• The opportunity for residents to moonlight is threatened by legal liability concerns and legislation designed to limit the duration of workdays and workweeks. We sought the opinion of all 40 second- or third-year residents and fellows in a hybrid university/ community hospital internal medicine residency program regarding their motivation to moonlight and the value of their experiences. Sixty-five percent were moonlighters; moonlighters had a higher average debt ($41 644) than nonmoonlighters ($32 917). Residents viewed moonlighting as a positive educational experience that helped them with career decisions. They believed they acquired important skills and knowledge not learned elsewhere, and that moonlighting did not interfere with their job and educational responsibilities. A program in operation for 10 years that was designed to control, monitor, and facilitate moonlighting experiences is described. We believe our residents' positive views may be in part a result of the supervision and integration of moonlighting in a residency training program with a controlled workload.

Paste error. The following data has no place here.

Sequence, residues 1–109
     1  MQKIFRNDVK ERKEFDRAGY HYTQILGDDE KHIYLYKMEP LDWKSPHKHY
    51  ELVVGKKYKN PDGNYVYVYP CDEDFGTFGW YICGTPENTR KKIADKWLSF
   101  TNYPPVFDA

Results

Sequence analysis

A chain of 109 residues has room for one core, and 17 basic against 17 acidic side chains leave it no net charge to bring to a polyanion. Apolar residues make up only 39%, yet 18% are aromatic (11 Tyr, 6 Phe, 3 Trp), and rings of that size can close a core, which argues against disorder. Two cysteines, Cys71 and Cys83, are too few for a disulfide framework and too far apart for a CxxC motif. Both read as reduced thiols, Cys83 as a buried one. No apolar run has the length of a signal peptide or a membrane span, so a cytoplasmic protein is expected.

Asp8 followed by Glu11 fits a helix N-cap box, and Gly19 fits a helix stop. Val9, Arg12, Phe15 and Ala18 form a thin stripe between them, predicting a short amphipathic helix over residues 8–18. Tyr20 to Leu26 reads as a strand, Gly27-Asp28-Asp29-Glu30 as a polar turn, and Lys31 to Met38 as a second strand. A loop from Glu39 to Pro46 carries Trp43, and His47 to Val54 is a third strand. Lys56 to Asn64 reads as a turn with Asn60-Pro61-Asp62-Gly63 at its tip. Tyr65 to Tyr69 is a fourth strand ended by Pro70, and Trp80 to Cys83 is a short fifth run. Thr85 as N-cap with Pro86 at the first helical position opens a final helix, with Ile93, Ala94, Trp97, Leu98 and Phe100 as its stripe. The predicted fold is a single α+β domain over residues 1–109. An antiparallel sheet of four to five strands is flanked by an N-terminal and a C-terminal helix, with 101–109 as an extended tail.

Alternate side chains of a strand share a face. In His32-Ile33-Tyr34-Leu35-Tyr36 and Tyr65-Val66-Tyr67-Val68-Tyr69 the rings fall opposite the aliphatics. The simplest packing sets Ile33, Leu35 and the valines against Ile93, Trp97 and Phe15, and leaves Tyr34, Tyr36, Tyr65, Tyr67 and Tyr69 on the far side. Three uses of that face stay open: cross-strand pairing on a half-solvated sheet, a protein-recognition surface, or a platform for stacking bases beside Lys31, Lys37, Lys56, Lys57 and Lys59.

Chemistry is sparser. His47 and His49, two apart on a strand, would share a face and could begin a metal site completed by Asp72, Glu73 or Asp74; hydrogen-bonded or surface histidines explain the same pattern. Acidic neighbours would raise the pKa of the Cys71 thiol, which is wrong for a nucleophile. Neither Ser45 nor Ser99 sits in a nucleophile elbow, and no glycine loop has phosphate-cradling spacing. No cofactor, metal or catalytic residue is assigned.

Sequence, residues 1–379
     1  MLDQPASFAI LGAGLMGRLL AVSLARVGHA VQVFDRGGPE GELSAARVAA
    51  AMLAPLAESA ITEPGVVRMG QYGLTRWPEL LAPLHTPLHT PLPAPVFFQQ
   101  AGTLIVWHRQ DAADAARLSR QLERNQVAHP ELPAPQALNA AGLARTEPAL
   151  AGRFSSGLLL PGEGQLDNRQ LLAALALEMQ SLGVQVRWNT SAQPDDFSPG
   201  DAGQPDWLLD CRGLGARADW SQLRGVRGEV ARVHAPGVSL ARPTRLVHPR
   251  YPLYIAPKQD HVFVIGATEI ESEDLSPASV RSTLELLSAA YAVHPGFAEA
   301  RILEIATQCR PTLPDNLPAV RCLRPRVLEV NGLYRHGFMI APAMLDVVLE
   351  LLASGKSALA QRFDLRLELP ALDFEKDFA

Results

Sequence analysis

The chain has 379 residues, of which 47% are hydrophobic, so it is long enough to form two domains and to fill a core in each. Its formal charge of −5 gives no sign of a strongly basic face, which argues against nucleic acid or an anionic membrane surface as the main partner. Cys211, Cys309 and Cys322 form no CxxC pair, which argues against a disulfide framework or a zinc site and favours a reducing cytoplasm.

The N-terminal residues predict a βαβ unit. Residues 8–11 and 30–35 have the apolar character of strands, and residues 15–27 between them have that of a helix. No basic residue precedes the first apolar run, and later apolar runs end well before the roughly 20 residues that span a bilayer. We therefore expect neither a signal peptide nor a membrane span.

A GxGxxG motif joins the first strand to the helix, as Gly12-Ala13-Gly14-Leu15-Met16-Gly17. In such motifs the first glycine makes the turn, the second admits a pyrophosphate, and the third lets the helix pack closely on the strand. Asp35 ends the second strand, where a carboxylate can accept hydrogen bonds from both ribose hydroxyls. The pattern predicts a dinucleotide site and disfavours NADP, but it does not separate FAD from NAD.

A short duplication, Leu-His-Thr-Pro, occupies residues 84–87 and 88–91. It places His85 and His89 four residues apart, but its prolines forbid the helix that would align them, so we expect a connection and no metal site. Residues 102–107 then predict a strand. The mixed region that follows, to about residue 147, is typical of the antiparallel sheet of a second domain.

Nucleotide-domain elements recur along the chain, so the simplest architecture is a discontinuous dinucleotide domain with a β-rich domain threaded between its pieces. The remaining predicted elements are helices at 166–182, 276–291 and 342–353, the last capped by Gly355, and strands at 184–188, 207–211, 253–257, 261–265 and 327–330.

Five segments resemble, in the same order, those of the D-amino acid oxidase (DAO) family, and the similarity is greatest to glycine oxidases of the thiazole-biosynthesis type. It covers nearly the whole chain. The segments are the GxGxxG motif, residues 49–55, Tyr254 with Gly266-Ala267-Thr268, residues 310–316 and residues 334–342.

(Arch Intern Med. 1990;150:1511-1513)